In re the Marriage of: Fay M. Terzo, petitioner, Appellant, vs. Samuel A. Terzo, Respondent.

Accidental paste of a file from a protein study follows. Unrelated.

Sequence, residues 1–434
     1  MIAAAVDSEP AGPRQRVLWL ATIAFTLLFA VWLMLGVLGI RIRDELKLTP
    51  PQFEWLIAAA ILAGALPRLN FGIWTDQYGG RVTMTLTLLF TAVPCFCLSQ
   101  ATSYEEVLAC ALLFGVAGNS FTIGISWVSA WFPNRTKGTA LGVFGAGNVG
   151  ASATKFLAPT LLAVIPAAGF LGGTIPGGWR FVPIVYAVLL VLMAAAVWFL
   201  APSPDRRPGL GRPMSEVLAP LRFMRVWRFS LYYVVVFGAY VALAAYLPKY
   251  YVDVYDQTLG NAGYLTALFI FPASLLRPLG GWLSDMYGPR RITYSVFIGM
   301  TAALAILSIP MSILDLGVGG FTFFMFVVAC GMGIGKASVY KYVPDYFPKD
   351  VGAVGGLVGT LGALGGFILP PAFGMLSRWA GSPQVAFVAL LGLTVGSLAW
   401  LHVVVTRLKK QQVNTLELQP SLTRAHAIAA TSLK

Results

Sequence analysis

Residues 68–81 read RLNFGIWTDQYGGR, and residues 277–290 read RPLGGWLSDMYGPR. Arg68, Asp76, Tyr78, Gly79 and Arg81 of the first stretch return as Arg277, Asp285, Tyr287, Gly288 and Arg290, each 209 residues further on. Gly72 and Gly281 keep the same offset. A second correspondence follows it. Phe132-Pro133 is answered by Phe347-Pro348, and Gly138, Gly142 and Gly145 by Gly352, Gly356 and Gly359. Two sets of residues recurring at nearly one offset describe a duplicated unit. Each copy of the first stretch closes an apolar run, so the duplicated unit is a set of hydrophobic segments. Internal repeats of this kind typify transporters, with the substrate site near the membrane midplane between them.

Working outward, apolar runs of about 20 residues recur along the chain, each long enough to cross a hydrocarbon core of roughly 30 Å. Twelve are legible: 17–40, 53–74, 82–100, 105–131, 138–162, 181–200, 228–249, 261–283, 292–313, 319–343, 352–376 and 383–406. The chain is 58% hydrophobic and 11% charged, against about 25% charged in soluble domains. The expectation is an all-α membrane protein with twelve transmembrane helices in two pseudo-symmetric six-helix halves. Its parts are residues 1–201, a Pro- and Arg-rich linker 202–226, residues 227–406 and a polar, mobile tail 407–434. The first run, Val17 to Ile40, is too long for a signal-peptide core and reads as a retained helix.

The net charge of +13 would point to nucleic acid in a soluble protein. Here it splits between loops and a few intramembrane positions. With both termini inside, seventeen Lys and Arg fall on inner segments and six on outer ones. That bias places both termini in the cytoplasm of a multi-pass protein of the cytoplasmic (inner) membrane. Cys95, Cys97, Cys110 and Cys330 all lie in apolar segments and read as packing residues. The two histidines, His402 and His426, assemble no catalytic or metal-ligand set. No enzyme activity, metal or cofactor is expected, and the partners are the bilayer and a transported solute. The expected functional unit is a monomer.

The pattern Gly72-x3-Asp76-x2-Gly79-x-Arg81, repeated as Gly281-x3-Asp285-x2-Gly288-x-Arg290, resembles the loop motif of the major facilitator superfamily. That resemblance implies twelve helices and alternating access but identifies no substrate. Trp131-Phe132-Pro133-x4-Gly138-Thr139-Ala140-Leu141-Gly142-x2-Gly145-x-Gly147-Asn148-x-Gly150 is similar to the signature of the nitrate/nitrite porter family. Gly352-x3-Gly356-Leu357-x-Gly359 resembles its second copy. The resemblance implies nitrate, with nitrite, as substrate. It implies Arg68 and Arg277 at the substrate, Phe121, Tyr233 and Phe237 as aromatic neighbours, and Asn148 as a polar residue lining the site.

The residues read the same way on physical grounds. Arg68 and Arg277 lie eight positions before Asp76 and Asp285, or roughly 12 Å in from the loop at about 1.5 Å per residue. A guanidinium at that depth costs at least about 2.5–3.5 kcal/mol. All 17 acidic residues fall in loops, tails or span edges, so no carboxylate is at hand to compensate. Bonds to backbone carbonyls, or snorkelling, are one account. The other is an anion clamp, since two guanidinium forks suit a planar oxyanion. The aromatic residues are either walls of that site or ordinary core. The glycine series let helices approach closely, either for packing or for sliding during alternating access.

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This opinion will be unpublished and may not be cited except as provided by Minn. Stat. § 480A.08, subd. 3 (2010). STATE OF MINNESOTA IN COURT OF APPEALS A09-2244 In re the Marriage of: Fay M. Terzo, petitioner, Appellant, vs. Samuel A. Terzo, Respondent. Filed April 5, 2011 Affirmed Klaphake, Judge Clearwater County District Court File No. 15-FA-07-490 Richard C. Mollin, Jr., Bagley, Minnesota (for appellant) Samuel A. Terzo, Coos Bay, Oregon (pro se respondent) Considered and decided by Minge, Presiding Judge; Klaphake, Judge; and Larkin, Judge. UNPUBLISHED OPINION KLAPHAKE, Judge In this marital dissolution action, appellant Fay M. Terzo argues that the district court erred by refusing to address her post-trial motion for amended findings or a new trial because the scheduled hearing was untimely. Appellant also asserts that the district court erred in its choice of valuation date; division of marital assets dissipated by her husband, respondent Samuel A. Terzo, prior to the dissolution action; and valuation of appellant s nonmarital interest in the parties homestead. Although the district court did not err by denying appellant s motion because the hearing was untimely, we nevertheless have jurisdiction to hear this appeal because appellant s motion and her notice of appeal were timely. Because the district court did not abuse its discretion in its choice of valuation date, its division of the parties marital assets, and calculation of appellant s non-marital interest, we affirm. DECISION Jurisdiction On August 14, 2009, appellant served a motion to amend the district court s findings in its July 21, 2009 order for judgment dissolving the parties marriage. This motion was timely under Minn. R. Civ. P. 52.02 and 59.03 (requiring motion for new trial/amended findings to be served within 30 days after notice of filing of decision). The hearing date on the motion, October 7, 2009, was not timely under Minn. R. Civ. P. 59.03, which requires the hearing to be held within 60 days of the notice of judgment, unless the time for the hearing is extended. Appellant did not request an extension, and the court did not extend the time. Appellant filed a timely notice of appeal from the district court s order denying her motion for amended findings. In Rubey v. Vannett, 714 N.W.2d 417 (Minn. 2006), the supreme court addressed the question of jurisdiction on similar facts. In Rubey, appellant s counsel filed a timely motion for new trial/amended findings but, due to an apparent misunderstanding, failed to schedule a timely hearing date. Id. at 420. The district court decided that it lacked 2 jurisdiction to hear appellant s motion. Id. at 421. We affirmed and further determined that the appeal to this court was untimely because the motion did not toll the time to appeal. Id. The supreme court reversed, concluding that the timing of the hearing is not jurisdictional, but is a procedural tool, and the failure to comply with the 60-day rule did not divest the district court of jurisdiction. Id. at 422. Therefore, the district court s decision to dismiss the motion was not an abuse of discretion because the hearing was untimely. Id. at 424. But because appellant s motion was timely, his appeal to this court was timely because it was from the order denying the motion, over which the district court had jurisdiction. Id. at 425. Finally, the supreme court concluded that although this court erred by refusing to hear the appeal, the standard of review on appeal was as though no new trial/amended findings motion had been made and was limited to whether the evidence sustains the findings of fact and whether such findings sustain the conclusions of law and the judgment. Id. (quoting Gruenhagen v. Larson, 310 Minn. 454, 458, 246 N.W.2d 565, 569 (1976)). We therefore conclude that we have jurisdiction to hear and determine this appeal in accordance with Rubey. Valuation Date Appellant argues that the district court abused its discretion by refusing to consider an alternative to the pretrial hearing date of March 25, 2009, as the valuation date. Appellant submitted a memorandum before trial asking the court to consider the date of 3 the parties informal separation in June 1998 as the valuation date. The district court declined to do so, stating that it finds no compelling reason to change the date of valuation in this proceeding from the date of the Pretrial Conference as provided by Minn. Stat. § 518.58(1). The court shall value marital assets for purposes of division between the parties as of the day of the initially scheduled prehearing settlement conferences, unless a different date is agreed upon by the parties, or unless the court makes specific findings that another date of valuation is fair and equitable. Minn. Stat. § 518.58, subd. 1 (2008). We review the district court s choice of a valuation date for an abuse of discretion. Grigsby v. Grigsby, 648 N.W.2d 716, 720 (Minn. App. 2002), review denied (Minn. Oct. 15, 2002). There is no abuse of discretion when the district court s factual findings are supported by the record and when the district court s decision has an acceptable basis in fact and principle. Id. at 719-20 (quotation omitted). The statute does not require the district court to make specific findings if the court uses the date of the initially scheduled prehearing conference as the valuation date. Minn. Stat. § 518.58, subd. 1. Alternatively, if the district court selects a different date, it must make specific findings showing that the alternative date is fair and equitable. Id. Here, the district court had no obligation to make specific findings because it used the prehearing settlement conference date as the valuation date, noting on the record that no party had shown that this would not be fair and equitable. Although we recognize that the record includes facts that could have supported a different valuation date, we will not substitute our judgment for that of the district court 4 absent a clear abuse of discretion. Arundel v. Arundel, 281 N.W.2d 663, 667 (Minn. 1979). Appellant has not demonstrated that the district court clearly abused its discretion. Dissipated Assets Appellant argues that the district court erred by refusing to award her a 50% share of marital assets that respondent dissipated prior to the dissolution. Appellant describes the dissipated assets as two life insurance policies, a $10,000 certificate of deposit (CD), and one-half of the parties savings account valued at $14,985. If a party transfers, encumbers, conceals, or disposes of marital assets [d]uring the pendency of a marriage dissolution, separation, or annulment proceeding, or in contemplation of commencing a marriage dissolution, separation, or annulment proceeding, the district court shall compensate the other party by placing both parties in the position they would have been in had the action not occurred. Minn. Stat. § 518.58, subd. 1a (2008). The party claiming dissipation of assets has the burden of proof. Id. We review the district court s action for an abuse of discretion. Lynch v. Lynch, 411 N.W.2d 263, 266 (Minn. App. 1987). In order to prevail on this issue, appellant had the burden of showing that respondent intentionally concealed or disposed of these assets during the pendency of a dissolution or separation action. According to the record evidence, when respondent took or cashed in these assets, the parties were living separately but no formal action for a legal separation or dissolution was planned or pending. Thus, at the time, this was a marital asset not subject to a court s authority. See Lynch, 411 N.W.2d at 266 ( All 5 assets in existence at dissolution are marital assets subject to equitable division between the parties ). The district court credited one-half of the cash value of the insurance policies and a portion of the CD and savings account values against respondent s marital interest in the homestead. Under these circumstances, the district court did not abuse its discretion by refusing to credit appellant with a greater interest in these assets or to order respondent to pay interest on these assets. Non-Marital Property Appellant argues that the district court erred in its calculations of appellant s nonmarital interest in the homestead. The question of whether property is marital or nonmarital is one of law, although the reviewing court defers to the district court s findings of fact. Stageberg v. Stageberg, 695 N.W.2d 609, 613 (Minn. App. 2005), review denied (Minn. July 19, 2005); see Kerr v. Kerr, 770 N.W.2d 567, 569 (Minn. App. 2009) (stating that reviewing court must affirm district court s findings of fact on marital or non-marital nature of property unless clearly erroneous). Generally, all property acquired jointly or by either spouse during the marriage is considered to be marital property. Minn. Stat. § 518.03, subd. 3b (2008); non-marital property includes property acquired during the marriage by gift, bequest or inheritance to one party but not the other, property acquired by one spouse before the marriage or after the valuation date, property excluded by a valid antenuptial agreement, and property acquired in exchange for any of the abovelisted property. Id. Here, the source of the non-marital interest is the home in California 6 that appellant owned prior to the marriage. There is no dispute that appellant has some non-marital interest in the homestead. The district court calculated appellant s non-marital interest in accordance with Schmitz v. Schmitz, 309 N.W.2d 748 (Minn. 1981). Using the Schmitz formula, a court can calculate the current value of a party s non-marital interest in marital property by dividing the party s non-marital contribution at the time of purchase by the value of the property at the time of purchase. Kerr, 770 N.W.2d at 570; Brown v. Brown, 316 N.W.2d 552, 553 (Minn. 1982). The resulting percentage value is multiplied by the value of the property at the time of its sale or its valuation for dissolution purposes. Kerr, 770 N.W.2d at 570. The calculation here is more complex because more than one piece of property was involved. Appellant sold her non-marital home for $21,950; the parties used this money to purchase a $40,000 home subject to an $18,000 mortgage (the second home). Dividing appellant s non-marital interest of $21,950 by $40,000 yields a non-marital percentage value of 54.875%. When the second home was sold, the parties purchased the current homestead for $58,000. The parties paid the purchase price by using $46,000 in cash and $12,000 from appellant s sons trust fund. The court subtracted the $12,000 down payment, treating this as a third-party source, neither marital nor non-marital in character. The parties used the money from the sale of the second home, which sold for a net price of $82,000, to pay the $46,000 in cash. The court assumed 54.875% of the $46,000 represented appellant s non-marital interest, or $25,242. If one divides $25,242 by the purchase price of $58,000, the resulting percentage is 43.52%, representing appellant s 7 non-marital share in the current homestead. Applying this percentage to the presumed value at the valuation date of $199,000 yields a non-marital interest of $86,605. The district court subtracted this from $199,000; this equals $112,392, which is presumed to be marital property. The district court awarded each party one-half of this amount or $56,196, subject to certain credits against respondent s share. We conclude that the district court s calculations are correct based on the Schmitz formula and are supported by the record; therefore, the district court s findings are not clearly erroneous and the court did not abuse its discretion in its division of marital and non-marital interest in the homestead property. Affirmed. 8